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After delays, Good Night John Boy will soon bring disco to St. Petersburg

The Studio 54-style dance club is coming to downtown St. Pete in early 2023. Here’s what to know.
The interior of the Cleveland location of Good Night John Boy, a 1970s-style disco nightclub. A St. Petersburg location will open in the former Ringside Cafe building at 16 Second St. N in downtown St. Petersburg in February or March.
The interior of the Cleveland location of Good Night John Boy, a 1970s-style disco nightclub. A St. Petersburg location will open in the former Ringside Cafe building at 16 Second St. N in downtown St. Petersburg in February or March. [ Courtesy of Forward Hospitality Group ]
Published Dec. 16, 2022|Updated Dec. 20, 2022

Celebrate good times: Downtown St. Petersburg will finally get its disco-themed nightclub in early 2023.

Cleveland-based club Good Night John Boy announced plans to open a second location in the Sunshine City back in February. The former Ringside Cafe location at 16 Second St. N would be transformed into a glitzy wonderland of orange shag carpeting, Technicolor lights and Studio 54 flair. Local ABBA lovers rejoiced.

After nearly a year of delays, the project has finally gotten approval and owners are optimistic about opening in a few months. The Tampa Bay Times caught up with one of the club’s owners, former Cleveland meteorologist Beth McLeod, to find out what to expect.

What’s the vibe?

Think your grandmother’s basement, with an Instagrammable flair. A lineup of local DJs will spin funk and disco hits from the 1970s and ′80s. Expect to hear a few modern tunes, too.

The 4,000-square-foot space will be home to a sprawling light-up dance floor, sofas designed to be stood and danced on and, of course, a disco ball. There’s even original brick-pattern linoleum from the ′70s.

“The guy gave us a good deal because he was sick of it sitting in his warehouse,” McLeod said.

A designer spent weeks scouring eBay and garage sales for groovy vintage pieces, from corded phones and funky wallpaper to “an unbelievably huge poster of Farrah Fawcett.”

“It is definitely eye candy everywhere,” McLeod said.

Wide windows will allow people to see the flashing lights from across the street. A 1970s trailer will peddle merchandise, Jell-O shots and boozy pops. Unlike the Cleveland location, the property also features a second level with its own bar, where patrons will be able to look down at the dance floor below.

“You don’t have to dance, just come and watch,” McLeod said. “But most people end up dancing.”

The interior of the Cleveland location of Good Night John Boy, a 1970s-style disco nightclub. A St. Petersburg location will open in the former Ringside Cafe building at 16 Second St. N in downtown St. Petersburg in February or March.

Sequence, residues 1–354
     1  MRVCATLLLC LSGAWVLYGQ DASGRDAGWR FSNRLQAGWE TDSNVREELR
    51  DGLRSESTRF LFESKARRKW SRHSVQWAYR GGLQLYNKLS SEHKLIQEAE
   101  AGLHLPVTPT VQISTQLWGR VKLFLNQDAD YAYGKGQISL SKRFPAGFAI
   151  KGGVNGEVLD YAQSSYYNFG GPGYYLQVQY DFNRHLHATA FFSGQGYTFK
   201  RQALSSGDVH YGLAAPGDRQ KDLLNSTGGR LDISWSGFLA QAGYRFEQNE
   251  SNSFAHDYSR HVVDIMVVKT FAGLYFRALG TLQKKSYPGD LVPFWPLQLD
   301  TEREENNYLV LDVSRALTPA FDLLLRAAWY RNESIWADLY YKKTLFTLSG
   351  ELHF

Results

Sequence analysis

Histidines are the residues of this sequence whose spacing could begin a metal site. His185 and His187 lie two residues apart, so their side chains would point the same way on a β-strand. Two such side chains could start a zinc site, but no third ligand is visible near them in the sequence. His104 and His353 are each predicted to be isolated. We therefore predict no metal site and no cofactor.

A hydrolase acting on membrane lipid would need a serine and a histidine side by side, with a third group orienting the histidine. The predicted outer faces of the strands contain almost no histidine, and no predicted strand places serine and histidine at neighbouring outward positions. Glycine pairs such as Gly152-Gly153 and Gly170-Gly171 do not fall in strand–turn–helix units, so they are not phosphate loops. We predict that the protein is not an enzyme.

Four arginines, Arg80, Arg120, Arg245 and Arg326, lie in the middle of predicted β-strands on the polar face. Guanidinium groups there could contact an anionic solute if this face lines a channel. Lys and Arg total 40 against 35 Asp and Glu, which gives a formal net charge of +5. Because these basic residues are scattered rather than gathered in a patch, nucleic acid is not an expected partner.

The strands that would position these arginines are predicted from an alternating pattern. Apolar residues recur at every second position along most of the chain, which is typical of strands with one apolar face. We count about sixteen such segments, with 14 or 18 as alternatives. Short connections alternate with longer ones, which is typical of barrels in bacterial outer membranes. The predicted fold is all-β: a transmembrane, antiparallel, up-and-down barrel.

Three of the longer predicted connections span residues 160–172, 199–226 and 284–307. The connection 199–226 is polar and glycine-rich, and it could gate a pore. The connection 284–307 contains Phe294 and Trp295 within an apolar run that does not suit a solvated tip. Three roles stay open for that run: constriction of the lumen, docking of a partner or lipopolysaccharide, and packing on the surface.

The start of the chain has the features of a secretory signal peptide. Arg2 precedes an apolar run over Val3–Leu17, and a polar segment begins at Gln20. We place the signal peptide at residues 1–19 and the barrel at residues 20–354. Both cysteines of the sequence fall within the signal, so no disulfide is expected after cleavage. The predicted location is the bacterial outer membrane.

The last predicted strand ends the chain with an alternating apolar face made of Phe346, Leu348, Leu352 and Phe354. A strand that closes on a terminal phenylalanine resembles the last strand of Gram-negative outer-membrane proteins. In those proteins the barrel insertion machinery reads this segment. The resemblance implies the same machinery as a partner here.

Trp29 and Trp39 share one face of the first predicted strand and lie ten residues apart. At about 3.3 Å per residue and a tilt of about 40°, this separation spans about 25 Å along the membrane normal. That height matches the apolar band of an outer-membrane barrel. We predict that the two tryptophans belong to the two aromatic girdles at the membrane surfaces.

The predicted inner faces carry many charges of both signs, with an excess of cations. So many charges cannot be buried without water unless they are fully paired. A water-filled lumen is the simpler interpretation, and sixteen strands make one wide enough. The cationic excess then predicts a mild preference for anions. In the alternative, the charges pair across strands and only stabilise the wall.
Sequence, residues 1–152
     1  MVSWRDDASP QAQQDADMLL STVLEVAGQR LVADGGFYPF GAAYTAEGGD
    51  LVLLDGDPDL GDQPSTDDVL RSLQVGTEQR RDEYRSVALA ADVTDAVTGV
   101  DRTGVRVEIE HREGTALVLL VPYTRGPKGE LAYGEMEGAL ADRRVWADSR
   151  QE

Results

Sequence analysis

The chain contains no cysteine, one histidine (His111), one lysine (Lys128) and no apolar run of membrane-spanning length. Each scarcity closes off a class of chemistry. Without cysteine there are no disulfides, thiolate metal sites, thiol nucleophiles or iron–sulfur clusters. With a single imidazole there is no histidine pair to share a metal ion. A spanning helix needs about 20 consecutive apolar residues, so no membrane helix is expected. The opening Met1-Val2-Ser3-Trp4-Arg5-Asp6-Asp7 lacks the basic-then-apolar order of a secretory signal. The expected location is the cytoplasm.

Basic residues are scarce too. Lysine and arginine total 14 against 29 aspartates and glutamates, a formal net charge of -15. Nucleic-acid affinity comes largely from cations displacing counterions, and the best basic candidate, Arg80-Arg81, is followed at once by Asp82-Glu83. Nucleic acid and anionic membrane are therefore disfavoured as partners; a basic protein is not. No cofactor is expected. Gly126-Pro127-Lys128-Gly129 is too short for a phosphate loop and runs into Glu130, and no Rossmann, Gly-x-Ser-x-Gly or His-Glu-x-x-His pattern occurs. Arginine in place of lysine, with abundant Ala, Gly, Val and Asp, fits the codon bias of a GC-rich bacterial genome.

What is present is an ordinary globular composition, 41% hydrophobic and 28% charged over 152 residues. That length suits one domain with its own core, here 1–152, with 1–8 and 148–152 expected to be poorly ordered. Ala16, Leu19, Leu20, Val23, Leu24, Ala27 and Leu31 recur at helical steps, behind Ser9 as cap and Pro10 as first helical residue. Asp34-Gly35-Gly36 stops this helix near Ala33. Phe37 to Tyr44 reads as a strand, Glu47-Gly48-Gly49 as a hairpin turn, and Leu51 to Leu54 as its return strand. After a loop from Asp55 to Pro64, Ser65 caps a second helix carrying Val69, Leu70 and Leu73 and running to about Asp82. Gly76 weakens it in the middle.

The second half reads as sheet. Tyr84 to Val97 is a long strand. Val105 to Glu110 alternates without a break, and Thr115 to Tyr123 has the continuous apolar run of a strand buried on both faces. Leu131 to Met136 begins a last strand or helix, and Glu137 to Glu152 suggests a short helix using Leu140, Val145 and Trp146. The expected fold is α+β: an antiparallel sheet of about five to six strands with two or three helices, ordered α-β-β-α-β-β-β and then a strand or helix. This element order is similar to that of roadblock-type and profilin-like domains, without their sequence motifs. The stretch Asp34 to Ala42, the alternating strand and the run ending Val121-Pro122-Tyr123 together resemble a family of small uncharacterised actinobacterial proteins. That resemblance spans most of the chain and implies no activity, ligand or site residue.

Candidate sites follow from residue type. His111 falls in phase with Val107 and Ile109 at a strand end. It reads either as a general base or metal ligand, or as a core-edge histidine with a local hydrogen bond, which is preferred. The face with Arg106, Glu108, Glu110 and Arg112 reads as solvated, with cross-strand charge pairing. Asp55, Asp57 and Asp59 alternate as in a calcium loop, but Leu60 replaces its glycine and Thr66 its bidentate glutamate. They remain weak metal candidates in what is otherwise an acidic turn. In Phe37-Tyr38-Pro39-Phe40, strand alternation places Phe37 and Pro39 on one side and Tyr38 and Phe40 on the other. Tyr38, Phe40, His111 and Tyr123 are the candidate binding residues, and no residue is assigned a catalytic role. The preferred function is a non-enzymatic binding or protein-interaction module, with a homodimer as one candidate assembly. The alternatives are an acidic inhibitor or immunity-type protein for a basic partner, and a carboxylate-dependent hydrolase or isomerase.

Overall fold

The interior of the Cleveland location of Good Night John Boy, a 1970s-style disco nightclub. A St. Petersburg location will open in the former Ringside Cafe building at 16 Second St. N in downtown St. Petersburg in February or March. [ Courtesy of Forward Hospitality Group ]

What was the holdup? And when can we boogie?

Cleveland-based Forward Hospitality Group, behind nearly a dozen Ohio businesses as well as St. Petersburg’s country-music joint Welcome to the Farm, acquired the space in January 2022. While they submitted plans to the city soon after that, it took months to get approval. The same buzzing growth that attracted the company to St. Petersburg has also caused delays.

“Cleveland has one big building going up and the growth is pretty slow. There in St. Pete, we’re going up against your buildings department that has, I don’t know, 15 high-rises going up,” McLeod said. “So it’s hard to be the small guy with one project when you’re dealing with skyscrapers.”

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The property has already been demoed. The funky furniture has been ordered. Pieces of the disco floor, which arrived in July, are sitting in boxes, ready to be assembled.

Construction finally began this week. Owners are shooting for a February or March opening.

Who is this club for?

The name “Good Night John Boy” comes from a signature catchphrase made popular by 1970s television series “The Waltons.” McLeod thinks the club will appeal to both people who grew up in that time period as well as younger generations.

“Disco speaks to all ages — the old, the young, everyone in-between,” she said. “What’s fun is the older people will come in clothes they actually wore in the ′70s and the young people have all these cool new outfits.”

This summer in Cleveland, the club even hosted a 100th birthday party. The universal appeal of this era is what makes the concept stand out.

“We don’t have just one demographic of people coming to the club. And I think St. Pete is so diverse and so international that I think it’s going to be a home run,” McLeod said. “When we play ‘Dancing Queen,’ everyone jumps up and runs to the dance floor.”

Ready to get down? Follow @goodnightjb on Instagram and facebook.com/goodnightcle for updates.